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Email has become a tool of choice for cybercriminals to deploy various cyber threats. Fundamental email security methods can recognize certain threats, but advanced email security further thwarts the remaining ones. Given the diversity of attack types, advanced email security needs to address a multitude of vectors, not just a singular one. Below is a comprehensive checklist to aid evaluation activities when looking for advanced email security.

1. Threat Coverage
Email is facing a barrage of threats, encompassing next-generation exploits and various types of attacks. An advanced email security solution needs to conduct a comprehensive examination of each message, including attachments and links, to assess the potential for cyberthreats that may involve a combination of attack types.

2. Level of Analysis
Advanced email security solutions should disregard the initial packaging of an email and its attachments. Cybercriminals often conceal threats within seemingly harmless packaging, such as a Word document or zipped file. The only effective method for identifying malicious threats concealed through covert delivery is to dismantle the original packaging of each email and its attachments. A thorough examination of each element is essential, involving deep analysis at multiple nesting levels to uncover potential threats.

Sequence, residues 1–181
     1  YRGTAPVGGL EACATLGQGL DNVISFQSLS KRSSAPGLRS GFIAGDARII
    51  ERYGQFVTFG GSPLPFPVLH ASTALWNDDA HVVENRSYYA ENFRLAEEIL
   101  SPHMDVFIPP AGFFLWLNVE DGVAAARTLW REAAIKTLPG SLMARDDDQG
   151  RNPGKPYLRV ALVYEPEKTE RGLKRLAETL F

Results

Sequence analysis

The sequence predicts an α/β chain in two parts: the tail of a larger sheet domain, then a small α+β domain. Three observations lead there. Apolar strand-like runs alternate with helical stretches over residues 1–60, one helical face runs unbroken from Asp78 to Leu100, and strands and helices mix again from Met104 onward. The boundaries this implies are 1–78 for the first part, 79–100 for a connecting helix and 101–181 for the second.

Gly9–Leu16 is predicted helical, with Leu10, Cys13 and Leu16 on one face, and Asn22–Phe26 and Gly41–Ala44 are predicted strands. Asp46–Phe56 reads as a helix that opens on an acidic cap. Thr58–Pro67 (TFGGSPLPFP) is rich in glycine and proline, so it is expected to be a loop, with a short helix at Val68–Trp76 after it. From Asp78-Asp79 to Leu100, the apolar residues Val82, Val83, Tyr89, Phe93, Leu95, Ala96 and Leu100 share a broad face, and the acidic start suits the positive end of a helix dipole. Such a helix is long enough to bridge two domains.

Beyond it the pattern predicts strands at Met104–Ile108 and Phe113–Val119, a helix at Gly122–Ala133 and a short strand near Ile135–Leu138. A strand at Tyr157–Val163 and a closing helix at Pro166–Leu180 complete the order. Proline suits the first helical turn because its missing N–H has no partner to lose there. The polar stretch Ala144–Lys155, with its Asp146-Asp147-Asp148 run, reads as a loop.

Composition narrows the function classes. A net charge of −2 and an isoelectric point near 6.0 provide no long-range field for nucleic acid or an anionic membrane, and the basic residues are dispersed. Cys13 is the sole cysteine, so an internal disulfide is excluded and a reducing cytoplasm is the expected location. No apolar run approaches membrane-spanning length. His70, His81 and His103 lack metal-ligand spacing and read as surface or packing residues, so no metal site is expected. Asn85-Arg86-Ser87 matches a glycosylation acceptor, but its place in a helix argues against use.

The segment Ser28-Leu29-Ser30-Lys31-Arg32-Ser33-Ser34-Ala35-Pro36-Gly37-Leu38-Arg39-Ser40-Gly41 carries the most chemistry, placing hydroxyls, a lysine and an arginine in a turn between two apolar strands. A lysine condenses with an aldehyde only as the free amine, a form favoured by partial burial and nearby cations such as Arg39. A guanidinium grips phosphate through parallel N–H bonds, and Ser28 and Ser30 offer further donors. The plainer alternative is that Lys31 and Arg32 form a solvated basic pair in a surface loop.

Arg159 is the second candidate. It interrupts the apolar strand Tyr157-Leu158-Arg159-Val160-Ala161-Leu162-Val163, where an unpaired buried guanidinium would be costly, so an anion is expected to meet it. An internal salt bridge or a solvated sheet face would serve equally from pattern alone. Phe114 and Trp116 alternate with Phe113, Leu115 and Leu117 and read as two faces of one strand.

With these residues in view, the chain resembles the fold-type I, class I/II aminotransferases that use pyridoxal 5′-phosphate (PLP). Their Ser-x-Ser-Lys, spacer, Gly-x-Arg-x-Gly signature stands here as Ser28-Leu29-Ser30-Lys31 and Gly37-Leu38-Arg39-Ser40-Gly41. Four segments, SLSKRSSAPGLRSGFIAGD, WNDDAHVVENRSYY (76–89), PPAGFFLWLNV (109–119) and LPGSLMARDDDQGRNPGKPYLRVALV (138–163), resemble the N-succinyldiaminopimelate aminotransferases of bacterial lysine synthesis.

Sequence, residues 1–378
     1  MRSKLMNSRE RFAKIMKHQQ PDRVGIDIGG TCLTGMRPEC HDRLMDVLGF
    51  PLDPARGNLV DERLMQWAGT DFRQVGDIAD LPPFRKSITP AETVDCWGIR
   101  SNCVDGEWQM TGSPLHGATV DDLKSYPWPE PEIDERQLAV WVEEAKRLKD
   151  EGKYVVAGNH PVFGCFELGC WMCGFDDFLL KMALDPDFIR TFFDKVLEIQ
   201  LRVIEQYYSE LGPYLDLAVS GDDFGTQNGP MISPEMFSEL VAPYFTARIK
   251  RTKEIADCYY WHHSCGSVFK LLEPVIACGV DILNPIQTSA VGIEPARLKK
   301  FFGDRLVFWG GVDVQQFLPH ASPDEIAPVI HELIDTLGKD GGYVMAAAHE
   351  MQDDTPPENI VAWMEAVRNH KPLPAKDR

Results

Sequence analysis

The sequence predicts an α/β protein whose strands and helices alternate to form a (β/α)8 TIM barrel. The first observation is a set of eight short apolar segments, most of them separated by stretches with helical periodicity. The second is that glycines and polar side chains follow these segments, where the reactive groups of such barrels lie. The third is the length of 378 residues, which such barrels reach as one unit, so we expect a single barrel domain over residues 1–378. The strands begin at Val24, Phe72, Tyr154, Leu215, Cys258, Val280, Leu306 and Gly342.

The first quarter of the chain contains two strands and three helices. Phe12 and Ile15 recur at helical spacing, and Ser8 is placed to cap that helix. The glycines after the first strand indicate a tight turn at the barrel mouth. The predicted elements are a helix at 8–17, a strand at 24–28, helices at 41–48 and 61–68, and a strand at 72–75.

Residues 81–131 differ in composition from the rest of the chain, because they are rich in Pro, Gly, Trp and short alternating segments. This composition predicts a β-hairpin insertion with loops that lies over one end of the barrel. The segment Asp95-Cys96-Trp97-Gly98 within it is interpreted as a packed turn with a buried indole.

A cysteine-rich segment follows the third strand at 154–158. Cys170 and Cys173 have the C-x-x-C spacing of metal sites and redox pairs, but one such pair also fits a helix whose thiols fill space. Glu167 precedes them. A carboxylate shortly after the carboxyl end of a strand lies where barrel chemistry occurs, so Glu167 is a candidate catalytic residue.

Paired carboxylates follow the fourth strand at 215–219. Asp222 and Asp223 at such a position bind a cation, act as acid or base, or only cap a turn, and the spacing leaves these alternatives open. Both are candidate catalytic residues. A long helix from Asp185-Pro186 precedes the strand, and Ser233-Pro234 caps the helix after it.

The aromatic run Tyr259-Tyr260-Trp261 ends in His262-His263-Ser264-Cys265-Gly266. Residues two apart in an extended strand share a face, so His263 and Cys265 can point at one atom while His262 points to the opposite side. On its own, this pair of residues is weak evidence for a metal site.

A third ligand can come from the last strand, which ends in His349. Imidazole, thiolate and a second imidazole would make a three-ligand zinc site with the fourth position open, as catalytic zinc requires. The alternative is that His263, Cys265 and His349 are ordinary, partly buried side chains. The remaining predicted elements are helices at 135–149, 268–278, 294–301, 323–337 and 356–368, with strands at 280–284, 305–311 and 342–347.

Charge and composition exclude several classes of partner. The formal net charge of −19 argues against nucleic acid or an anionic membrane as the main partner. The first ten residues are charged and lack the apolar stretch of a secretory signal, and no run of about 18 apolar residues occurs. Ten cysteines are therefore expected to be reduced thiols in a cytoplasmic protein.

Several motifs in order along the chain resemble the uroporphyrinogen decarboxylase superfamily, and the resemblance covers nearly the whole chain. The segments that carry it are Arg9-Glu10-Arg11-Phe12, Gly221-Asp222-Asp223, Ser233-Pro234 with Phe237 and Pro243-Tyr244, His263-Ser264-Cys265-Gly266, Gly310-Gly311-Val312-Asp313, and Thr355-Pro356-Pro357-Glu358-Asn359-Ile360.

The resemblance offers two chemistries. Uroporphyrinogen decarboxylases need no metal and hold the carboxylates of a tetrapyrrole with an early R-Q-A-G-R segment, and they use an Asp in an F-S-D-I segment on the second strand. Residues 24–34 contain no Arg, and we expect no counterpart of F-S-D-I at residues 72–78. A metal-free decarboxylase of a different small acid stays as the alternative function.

3. Multi-layered Approach
A comprehensive approach to email security involves integrating multiple advanced tools, working collaboratively to scrutinize the fundamental elements of email messages and attachments, and targeting various cyber threats. By developing an overarching perspective through a thorough analysis of each message and attachment element, a robust assurance can be established regarding whether a message is benign or malicious.

4.  Speed
Effective advanced email security solutions must pass the "phone test." When a user mentions, "I have just sent you an email," during a conversation with a colleague or customer, the corresponding email should be delivered within a few seconds. If the delivery feels sluggish and users repeatedly click the Send/Receive button, it disrupts the natural flow of email. Prolonged delays in email message delivery for several minutes or more can lead users to perceive a system malfunction, creating a sense that something is broken.

5. Threat Detection Accuracy
The effectiveness of advanced email security solutions is two-fold: speed of operation on one side and accuracy of judgment on the other. It is imperative to avoid declaring email messages and attachments laden with threats as safe and delivering them to end users. A reliable advanced email security solution should boast high detection rates and low false positives, establishing trust with users by ensuring a robust defense against potential threats.

6. File Functionality Post-Scan